Article from The Daily Courier (Nanci Hutson)
ll the way through high school, Karli Fish struggled to read.
She suffered medical ailments that required two serious surgeries that further impeded her schooling.
Yet her special education teacher Cari Greco never allowed her to falter. She encouraged her to dream big.
With graduation just three weeks away, May 28, Karli will be standing tall as she accepts the diploma that is her ticket to college and a career in nursing.
Karli is one of seven of this year’s Prescott Unified School District’s Education Foundation “Rising Stars,” a student who has earned a B average or higher despite overcoming academic, health or life obstacles with the steadfast support and encouragement of a “distinguished educator.”
On Monday night, May 3, the Foundation feted these special students and their chosen educators at a banquet at the Starting Point Church in Prescott; the bow to COVID was tables arranged at a distance, invitation-only guest list and guests wearing masks other than for dinner time. A year ago, the foundation was unable to host the event as schools and business venues were all closed because of the virus.
The Foundation, too, celebrated a distinguished educator guest — Prescott Unified’s own Terry Pemberton, an industrial arts teacher at Mile High Middle School finishing his 50th year in the district. (Pick up Sunday’s Courier for a story about Pemberton.)
Foundation President Jenna James explained this event was launched six years ago to honor those students who might otherwise go unrecognized. They are not the star athletes or scholarship winners, yet their accomplishments are as noteworthy for what they have needed to do to excel.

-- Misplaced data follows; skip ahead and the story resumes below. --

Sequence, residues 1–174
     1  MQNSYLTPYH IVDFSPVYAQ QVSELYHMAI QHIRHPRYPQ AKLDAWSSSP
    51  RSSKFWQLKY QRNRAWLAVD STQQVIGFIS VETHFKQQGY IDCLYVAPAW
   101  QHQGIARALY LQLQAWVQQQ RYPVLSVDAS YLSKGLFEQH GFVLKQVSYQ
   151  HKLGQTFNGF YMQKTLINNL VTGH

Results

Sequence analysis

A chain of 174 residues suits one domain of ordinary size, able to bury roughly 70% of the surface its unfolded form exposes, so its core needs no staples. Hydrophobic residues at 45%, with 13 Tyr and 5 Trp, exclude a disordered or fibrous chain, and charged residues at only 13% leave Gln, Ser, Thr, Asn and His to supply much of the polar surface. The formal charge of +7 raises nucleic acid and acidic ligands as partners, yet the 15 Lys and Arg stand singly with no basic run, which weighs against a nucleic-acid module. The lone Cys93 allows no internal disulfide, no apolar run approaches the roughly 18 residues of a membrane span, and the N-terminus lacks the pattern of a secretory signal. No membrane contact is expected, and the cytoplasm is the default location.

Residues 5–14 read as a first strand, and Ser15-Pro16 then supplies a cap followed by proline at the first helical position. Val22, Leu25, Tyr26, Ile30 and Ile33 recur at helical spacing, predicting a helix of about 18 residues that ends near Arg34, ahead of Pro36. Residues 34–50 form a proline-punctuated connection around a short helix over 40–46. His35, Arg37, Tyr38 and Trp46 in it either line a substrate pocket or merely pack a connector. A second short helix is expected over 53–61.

This year, one of the honored students, Jobie Lee, will become a first-generation high school graduate and a first-generation college student. She credits her PHS mathematics teacher Amanda Atherton for changing “the way I view life.”
Jobie plans to attend Northern Arizona University where she intends to study criminal justice before joining the United States Air Force.
“I just want to say thank you for being there when I thought everything was impossible,” Jobie said as part of a video presentation the selected students shared with the audience. “The music, the jokes, the laughter, the art, and the learning in the classroom has helped me learn skills to help myself with the next chapter of my life.
“I truly wouldn’t be the same without you.”
Prescott High English teacher Jennifer Hawley was selected as the “distinguished educator” for two students this year: Cheyla Daverman and Ellie Fenderson.
“This past year sucked … There were very things I looked forward to, but this English class was the reason I showed up to school and attended online classes,” Cheyla declared. “This class has been my safe haven, where rants are welcome and the tea is always spilled.”
Ellie said she wrestled with who she was given her family’s Prescott legacy. Yet, Hawley pushed her to think deeper about who she is so she could cherish and respect her unique qualities.
“Even when I struggled the most in school or just life in general, you were always there,” Ellie said. “You have taught me it is okay to struggle and persevere because, in the end, those accomplishments are always the ones that make you feel the most accomplished.”
The sole selected male educator was PHS math teacher Damian Espinoza, selected by Makenna Tippit because of the role he has played in her life her entire four years of high school.
Recognizing she “learns differently than most students,” Makenna said Espinosa never made her feel self-conscious. His limitless patience enabled her to understand how to get from point A to point B. He prompted her to pursue success beyond the classroom.
“You always know how to cheer me up!” enthused Makenna, who is headed to Yavapai College before transferring to the University of Montana where she intends to major in forestry.
Chairman and Mock Trial Advisor Brenda Lee, whose engaging class stimulated his mind and has inspired him to study law at the University of Arizona. He described Lee as a teacher who enabled him to reach a “higher level of thinking.”
“You’re the best teacher I will ever have,” Carson declared.
Kailey Hurley announced her choice of Prescott High French teacher Cathleen Cherry as someone who embodies this quote: “One child, one teacher, one book, one pen can change the world.”
“You are an inspirational teacher and empowering woman who helps those around yourself,” Kailey said. “Just as you are, you encourage your students to be bold, challenge themselves and strive to create change.
“I can only hope to become a woman who is as inspiring and empowering as you are.”
PLAYLIST OF ALL 7 RISING STARS VIDEOS: